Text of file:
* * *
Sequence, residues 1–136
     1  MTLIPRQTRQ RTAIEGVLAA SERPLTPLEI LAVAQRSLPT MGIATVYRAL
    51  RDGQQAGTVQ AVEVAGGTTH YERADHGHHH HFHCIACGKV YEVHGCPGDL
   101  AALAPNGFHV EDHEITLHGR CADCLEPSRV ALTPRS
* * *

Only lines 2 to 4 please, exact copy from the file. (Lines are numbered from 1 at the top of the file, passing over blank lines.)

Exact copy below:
     1  MTLIPRQTRQ RTAIEGVLAA SERPLTPLEI LAVAQRSLPT MGIATVYRAL
    51  RDGQQAGTVQ AVEVAGGTTH YERADHGHHH HFHCIACGKV YEVHGCPGDL
   101  AALAPNGFHV EDHEITLHGR CADCLEPSRV ALTPRS